Saturday, June 12, 2021

The ephebeia

Just as select Spartan youth endured the krypteia, a year long trial in the wilderness to prove their worthiness to become a Spartiate, Athenian young men also took part in a training regimen known as the ephebeia.  This "college" taught them the responsibilities of citizenship and trained them as soldiers.  After admission to the college, the ephebe took the oath of allegiance, recorded in histories by Pollux and Stobaeus, in the temple of Aglaurus, and was sent to Munichia or Acte to form one of the garrison there. 

At the end of the first year of training, the ephebi were reviewed, and, if their performance was satisfactory, were provided by the state with a spear and a shield, which, together with the chlamys (cloak) and petasos (broad-brimmed hat), made up their equipment. In their second year they were transferred to other garrisons in Attica, patrolled the frontiers, and on occasion took an active part in war. 

During these two years they were free from taxation, and were generally not allowed to appear in the law courts as plaintiffs or defendants. The ephebi took part in some of the most important Athenian festivals. Thus during the Eleusinian Mysteries they were sent to fetch the sacred objects from Eleusis and to escort the image of Iacchus on the sacred way. They also performed police duty at the meetings of the ecclesia.

After the end of the 4th century BCE, the institution underwent a radical change. Enrolment ceased to be obligatory, lasted only for a year, and the limit of age was dispensed with. Inscriptions attest a continually decreasing number of ephebi, and with the admission of foreigners the college lost its representative national character. Scholars have speculated this was mainly due to the weakening of the military spirit and the progress of intellectual culture. The military element was no longer all-important, and the ephebia became a sort of university for well-to-do young men of good family, whose social position has been compared with that of the Athenian "knights" of earlier times. The institution lasted till the end of the 3rd century CE.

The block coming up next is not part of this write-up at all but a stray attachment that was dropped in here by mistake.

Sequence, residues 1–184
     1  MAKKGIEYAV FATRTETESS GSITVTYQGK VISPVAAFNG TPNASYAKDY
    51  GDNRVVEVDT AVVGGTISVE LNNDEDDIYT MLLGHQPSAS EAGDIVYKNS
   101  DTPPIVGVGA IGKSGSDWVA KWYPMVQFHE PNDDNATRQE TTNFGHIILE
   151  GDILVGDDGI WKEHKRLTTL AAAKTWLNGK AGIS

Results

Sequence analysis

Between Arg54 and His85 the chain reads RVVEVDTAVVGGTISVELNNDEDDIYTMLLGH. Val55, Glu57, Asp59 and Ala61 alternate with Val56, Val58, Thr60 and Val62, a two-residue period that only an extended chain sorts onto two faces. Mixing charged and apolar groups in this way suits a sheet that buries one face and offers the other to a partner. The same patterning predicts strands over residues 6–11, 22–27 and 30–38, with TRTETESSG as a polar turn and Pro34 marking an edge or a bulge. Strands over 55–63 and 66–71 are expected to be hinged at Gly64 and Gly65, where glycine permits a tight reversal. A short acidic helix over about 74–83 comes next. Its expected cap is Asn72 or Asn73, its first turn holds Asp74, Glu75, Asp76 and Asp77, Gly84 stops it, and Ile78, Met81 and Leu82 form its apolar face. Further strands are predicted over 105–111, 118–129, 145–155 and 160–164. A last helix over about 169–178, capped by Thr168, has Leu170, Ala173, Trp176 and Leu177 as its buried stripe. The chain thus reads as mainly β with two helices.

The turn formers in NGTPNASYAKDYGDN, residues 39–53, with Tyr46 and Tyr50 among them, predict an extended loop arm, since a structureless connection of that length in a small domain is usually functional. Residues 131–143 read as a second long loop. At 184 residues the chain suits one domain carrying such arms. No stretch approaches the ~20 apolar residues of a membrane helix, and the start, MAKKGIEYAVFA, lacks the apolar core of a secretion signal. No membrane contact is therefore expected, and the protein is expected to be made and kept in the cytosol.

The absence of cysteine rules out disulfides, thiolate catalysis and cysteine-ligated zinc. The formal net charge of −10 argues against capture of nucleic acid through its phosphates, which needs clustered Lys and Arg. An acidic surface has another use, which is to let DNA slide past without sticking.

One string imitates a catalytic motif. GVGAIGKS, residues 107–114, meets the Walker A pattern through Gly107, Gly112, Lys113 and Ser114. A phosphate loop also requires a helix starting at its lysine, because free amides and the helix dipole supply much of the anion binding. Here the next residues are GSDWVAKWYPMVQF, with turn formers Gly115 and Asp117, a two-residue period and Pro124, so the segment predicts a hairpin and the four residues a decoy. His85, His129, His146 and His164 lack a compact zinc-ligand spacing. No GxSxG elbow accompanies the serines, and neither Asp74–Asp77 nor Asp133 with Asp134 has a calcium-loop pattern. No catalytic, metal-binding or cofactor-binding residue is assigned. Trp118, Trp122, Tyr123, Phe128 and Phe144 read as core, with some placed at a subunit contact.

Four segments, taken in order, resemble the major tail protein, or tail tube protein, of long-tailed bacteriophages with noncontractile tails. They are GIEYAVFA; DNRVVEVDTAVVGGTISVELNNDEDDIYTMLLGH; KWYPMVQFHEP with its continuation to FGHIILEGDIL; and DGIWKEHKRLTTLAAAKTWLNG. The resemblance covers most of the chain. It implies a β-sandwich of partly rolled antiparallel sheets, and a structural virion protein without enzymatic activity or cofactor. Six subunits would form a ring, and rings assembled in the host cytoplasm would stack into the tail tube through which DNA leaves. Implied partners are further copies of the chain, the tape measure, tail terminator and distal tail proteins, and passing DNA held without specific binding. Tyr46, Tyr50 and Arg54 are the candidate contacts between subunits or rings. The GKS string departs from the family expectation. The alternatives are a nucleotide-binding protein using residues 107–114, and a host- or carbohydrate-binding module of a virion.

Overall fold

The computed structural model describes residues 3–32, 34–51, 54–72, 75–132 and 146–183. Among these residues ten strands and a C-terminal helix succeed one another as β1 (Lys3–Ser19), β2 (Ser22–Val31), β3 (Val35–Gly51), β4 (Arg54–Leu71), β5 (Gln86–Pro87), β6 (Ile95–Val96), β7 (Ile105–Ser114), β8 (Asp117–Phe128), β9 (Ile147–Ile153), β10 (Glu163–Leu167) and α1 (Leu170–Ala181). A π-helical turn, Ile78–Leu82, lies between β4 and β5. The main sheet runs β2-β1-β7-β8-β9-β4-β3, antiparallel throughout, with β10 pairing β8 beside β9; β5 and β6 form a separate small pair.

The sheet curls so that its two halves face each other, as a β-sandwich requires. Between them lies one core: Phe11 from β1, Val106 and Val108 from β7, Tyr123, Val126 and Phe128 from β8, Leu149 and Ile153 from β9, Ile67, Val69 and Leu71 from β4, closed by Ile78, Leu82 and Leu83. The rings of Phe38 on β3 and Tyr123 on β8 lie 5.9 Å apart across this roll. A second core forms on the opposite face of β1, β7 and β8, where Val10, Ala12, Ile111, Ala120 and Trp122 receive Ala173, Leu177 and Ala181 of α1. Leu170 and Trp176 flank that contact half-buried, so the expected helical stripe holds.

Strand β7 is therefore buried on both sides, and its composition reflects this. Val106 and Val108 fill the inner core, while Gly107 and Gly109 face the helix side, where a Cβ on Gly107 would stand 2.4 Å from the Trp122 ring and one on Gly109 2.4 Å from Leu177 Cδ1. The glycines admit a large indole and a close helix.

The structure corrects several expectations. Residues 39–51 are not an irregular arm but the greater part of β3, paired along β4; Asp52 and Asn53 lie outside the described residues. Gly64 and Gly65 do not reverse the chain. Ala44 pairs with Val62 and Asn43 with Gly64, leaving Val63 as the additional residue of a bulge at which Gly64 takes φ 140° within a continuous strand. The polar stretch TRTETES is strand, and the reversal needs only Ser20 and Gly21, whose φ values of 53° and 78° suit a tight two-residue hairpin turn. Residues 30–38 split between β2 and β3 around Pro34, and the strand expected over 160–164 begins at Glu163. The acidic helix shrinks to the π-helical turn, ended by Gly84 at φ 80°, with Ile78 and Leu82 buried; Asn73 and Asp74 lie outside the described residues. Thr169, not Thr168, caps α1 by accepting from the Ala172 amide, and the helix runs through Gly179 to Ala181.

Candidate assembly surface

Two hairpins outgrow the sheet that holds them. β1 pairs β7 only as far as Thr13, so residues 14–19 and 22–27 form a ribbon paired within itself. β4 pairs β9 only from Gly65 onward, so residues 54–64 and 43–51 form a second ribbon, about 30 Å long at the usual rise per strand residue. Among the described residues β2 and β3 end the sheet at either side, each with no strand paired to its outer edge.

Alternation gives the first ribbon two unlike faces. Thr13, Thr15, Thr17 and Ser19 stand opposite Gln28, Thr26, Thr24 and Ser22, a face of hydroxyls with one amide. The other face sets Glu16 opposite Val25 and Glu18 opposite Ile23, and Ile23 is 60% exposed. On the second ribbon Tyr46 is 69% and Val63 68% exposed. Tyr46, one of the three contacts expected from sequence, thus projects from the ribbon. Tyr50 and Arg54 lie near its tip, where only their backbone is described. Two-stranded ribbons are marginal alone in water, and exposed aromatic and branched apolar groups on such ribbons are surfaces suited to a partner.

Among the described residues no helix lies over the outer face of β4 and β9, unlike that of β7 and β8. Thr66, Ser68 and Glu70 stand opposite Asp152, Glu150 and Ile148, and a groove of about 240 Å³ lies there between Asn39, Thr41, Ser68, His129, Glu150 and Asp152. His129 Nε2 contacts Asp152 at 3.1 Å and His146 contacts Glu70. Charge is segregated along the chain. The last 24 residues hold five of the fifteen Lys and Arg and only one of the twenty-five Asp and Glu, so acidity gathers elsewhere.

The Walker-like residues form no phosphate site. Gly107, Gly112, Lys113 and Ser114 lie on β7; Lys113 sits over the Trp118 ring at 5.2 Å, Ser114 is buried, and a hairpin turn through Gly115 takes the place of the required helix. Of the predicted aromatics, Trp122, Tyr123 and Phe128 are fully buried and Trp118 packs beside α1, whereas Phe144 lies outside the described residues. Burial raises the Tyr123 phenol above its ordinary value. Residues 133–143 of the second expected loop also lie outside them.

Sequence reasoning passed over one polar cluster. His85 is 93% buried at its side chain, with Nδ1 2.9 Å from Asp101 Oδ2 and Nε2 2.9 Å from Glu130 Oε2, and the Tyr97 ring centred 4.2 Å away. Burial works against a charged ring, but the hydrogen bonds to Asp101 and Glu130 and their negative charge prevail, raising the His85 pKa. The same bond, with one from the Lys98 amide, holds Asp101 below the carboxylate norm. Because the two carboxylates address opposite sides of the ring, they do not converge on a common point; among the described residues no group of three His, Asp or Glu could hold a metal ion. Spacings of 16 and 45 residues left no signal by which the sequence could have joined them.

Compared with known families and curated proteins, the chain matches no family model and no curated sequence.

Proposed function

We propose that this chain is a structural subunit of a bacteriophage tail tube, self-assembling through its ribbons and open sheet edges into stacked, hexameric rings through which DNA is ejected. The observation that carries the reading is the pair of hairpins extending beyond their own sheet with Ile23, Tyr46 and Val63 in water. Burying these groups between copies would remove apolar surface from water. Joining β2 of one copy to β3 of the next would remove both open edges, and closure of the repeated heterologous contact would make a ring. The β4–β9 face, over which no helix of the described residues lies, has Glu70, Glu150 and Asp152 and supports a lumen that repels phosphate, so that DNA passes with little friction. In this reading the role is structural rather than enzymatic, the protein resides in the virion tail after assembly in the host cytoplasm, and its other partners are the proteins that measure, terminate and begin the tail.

Roman aristocratic families often sent their young men, between the ages of 16 - 20, to Greece to learn civic virtues. Several new officials were introduced, one of special importance being the director of the Diogeneion.  The Diogeneion was essentially a gymnasium originally built in honor of Diogenes, the last commander of the Macedonian garrison in Athens that departed the city in 229 BCE.  It is assumed he funded the construction of the building and scholars therefore conclude military training was conducted there.

Image: This Attic Red-Figure Stamnos at the Getty Villa (unfortunately not currently on view), produced between 470-460 BCE, appears to depict an ephebe (ephebus in Latin) who has completed at least his first year at the the ephebeia successfully as he is now equipped with two spears and wears the trademark petasos on his back.  He appears to be bidding farewell to an old white-haired man (his father or teacher) before leaving for his assigned garrison.

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